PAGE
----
– kids being kids. playing in the streets, getting to school on their push scooters, busy playgrounds.
– the simple life. used car, small house, less stuff.
– public healthcare that works. universally accessible healthcare for primary and acute care, the accident compensation corporation (acc) providing no-fault coverage for all accidents & injuries eliminating lawsuits, and pharmac objectively deciding what medicines will be provided. even though i had great employer provided coverage in boston there was always the fear of losing your job and being bankrupted by a medical expense. you do have to wait your turn for many procedures though.
– social services that work. kiwis may struggle to make ends meet, but no one goes hungry and everyone has a place to sleep. perhaps even a bit too generous at times, but i would rather error in this direction.
– the integration of maori culture into daily kiwi life. i’m struck by both the maori and pakeha (a new zealander of non-maori and non-polynesian heritage) actions here. the pakeha are very respectful of the maori culture – and the maori are comfortable sharing their traditions with the nation. when mahe drysdale wore a traditional maori cloak whilst caring the new zealand flag during the olympic ceremony it felt like a celebration of the maori traditions. the tomahawk chop at a braves game is not quite the same. when the national anthem was played before the all blacks game everyone sang both the english and maori verses.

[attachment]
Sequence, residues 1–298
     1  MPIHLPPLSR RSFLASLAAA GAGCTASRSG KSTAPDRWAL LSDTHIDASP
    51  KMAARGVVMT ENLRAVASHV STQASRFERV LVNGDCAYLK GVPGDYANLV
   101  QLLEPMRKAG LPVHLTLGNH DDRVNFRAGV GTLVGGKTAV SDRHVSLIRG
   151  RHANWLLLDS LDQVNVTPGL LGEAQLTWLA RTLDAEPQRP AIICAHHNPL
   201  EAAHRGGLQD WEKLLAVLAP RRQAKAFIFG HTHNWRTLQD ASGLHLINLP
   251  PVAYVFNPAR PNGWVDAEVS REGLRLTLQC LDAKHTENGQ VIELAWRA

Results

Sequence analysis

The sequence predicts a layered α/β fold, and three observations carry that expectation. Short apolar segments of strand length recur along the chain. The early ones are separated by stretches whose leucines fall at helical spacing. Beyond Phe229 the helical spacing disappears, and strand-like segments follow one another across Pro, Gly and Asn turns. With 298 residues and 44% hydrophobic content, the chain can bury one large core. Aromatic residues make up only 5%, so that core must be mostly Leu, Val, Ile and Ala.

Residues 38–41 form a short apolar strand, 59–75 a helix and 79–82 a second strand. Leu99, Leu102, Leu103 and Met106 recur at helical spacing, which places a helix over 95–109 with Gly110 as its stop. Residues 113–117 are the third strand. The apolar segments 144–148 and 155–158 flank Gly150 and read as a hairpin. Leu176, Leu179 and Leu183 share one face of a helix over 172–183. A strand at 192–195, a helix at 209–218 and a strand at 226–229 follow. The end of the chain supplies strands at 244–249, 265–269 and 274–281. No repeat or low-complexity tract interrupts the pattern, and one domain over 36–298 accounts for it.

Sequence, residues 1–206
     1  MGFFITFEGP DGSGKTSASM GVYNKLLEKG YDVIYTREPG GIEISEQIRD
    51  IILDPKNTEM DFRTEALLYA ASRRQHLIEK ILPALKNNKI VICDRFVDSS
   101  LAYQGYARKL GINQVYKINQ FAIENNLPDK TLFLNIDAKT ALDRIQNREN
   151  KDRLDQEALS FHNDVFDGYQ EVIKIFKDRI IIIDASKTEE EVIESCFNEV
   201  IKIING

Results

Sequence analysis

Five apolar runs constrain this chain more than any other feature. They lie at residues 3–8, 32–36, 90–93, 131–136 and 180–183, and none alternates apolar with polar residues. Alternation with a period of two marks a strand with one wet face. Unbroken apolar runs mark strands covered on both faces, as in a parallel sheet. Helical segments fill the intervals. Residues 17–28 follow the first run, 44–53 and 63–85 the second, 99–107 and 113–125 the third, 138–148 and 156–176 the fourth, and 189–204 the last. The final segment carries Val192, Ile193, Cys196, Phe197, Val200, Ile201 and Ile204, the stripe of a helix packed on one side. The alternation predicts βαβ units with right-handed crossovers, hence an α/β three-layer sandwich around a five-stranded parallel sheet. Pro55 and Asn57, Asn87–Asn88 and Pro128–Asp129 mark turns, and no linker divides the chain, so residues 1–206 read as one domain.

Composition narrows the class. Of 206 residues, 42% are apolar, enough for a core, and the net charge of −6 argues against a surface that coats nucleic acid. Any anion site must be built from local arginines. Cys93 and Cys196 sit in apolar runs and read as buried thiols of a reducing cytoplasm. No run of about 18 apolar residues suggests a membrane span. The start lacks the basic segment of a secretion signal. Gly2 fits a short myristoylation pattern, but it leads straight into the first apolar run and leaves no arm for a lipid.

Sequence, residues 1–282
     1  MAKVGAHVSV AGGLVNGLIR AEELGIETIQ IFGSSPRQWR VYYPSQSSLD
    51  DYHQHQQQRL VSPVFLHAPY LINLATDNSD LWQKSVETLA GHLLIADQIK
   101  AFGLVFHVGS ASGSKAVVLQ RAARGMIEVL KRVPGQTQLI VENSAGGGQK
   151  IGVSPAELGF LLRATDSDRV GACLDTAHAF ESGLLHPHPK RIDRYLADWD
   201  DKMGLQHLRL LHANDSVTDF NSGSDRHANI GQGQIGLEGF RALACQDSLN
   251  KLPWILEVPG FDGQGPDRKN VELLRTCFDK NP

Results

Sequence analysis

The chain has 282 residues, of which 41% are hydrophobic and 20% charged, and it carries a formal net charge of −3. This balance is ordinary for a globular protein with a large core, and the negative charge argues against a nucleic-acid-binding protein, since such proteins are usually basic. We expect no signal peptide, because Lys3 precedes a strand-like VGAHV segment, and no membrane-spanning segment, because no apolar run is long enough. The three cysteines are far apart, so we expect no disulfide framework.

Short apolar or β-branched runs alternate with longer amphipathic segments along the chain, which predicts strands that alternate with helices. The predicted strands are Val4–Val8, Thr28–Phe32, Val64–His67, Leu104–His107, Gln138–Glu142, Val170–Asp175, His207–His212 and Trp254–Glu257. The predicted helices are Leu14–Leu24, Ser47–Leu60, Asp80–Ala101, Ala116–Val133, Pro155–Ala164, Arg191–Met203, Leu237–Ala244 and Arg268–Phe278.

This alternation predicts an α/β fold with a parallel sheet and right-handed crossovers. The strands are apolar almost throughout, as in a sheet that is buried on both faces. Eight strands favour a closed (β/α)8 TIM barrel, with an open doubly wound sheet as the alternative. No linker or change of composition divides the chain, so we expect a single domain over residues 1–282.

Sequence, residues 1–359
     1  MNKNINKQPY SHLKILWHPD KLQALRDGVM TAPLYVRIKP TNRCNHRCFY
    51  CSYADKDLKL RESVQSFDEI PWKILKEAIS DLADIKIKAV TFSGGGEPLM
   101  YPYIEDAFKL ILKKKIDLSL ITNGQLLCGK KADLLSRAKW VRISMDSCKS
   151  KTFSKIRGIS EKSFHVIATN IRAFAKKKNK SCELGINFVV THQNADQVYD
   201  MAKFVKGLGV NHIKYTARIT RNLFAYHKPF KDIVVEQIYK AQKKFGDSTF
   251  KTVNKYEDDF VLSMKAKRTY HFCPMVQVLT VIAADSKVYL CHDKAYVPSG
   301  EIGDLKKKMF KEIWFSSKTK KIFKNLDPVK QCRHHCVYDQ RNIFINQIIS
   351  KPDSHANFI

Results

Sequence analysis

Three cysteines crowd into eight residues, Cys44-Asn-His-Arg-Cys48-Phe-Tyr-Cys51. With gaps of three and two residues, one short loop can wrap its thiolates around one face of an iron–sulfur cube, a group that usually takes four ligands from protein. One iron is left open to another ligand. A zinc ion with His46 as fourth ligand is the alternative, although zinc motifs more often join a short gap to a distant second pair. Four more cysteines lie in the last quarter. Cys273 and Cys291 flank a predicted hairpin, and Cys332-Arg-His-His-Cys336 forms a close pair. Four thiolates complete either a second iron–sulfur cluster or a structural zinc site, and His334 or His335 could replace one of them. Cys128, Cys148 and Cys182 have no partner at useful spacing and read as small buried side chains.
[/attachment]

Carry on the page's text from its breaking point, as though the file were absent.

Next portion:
what i miss
– cheap books. even taking the exchange rate into account books are almost twice as dear here.
– tivo. once you’ve had it, it is hard to do without.
– affordable home ownership. things have peaked here, but home prices had reached the stratosphere – totally unaffordable (80% of take home pay for example). and we thought boston was expensive.
– good pay. kiwi salaries are quite low relative to the us, the uk or australia.
– going to the ballpark. hard to beat a redsox game at fenway park.
– dunkin donuts. i don’t expect there is anywhere that had more coffee cafes and better coffee, but sometimes i just want my big styrofoam cup of dd, ready for me in 30 seconds. and an occasional donut is a fine guilty pleasure.
– the vermont cabin. actually, the cabin in the first few years we owned it when it was a relaxing place to enjoy the snow and sit in front of the fire. unfortunately in the end it was just a place to do chores.
– the climate. i do miss winter a bit. something about a gentle snowfall, or even the feeling of battling mother nature during a fierce winter storm. and the smells of the flowers in spring and the leaves in fall are hard to beat.
– having a shared history with others – particularly with the few that tolerate my sense of humour and cater to my near constant need for positive feedback.
– turkey day. food, family & football.
– christmas in winter. it should be cold and the ground covered with snow when you are picking out your christmas tree. there are also noticeably few christmas lights and decorations. we may have to set the example this year.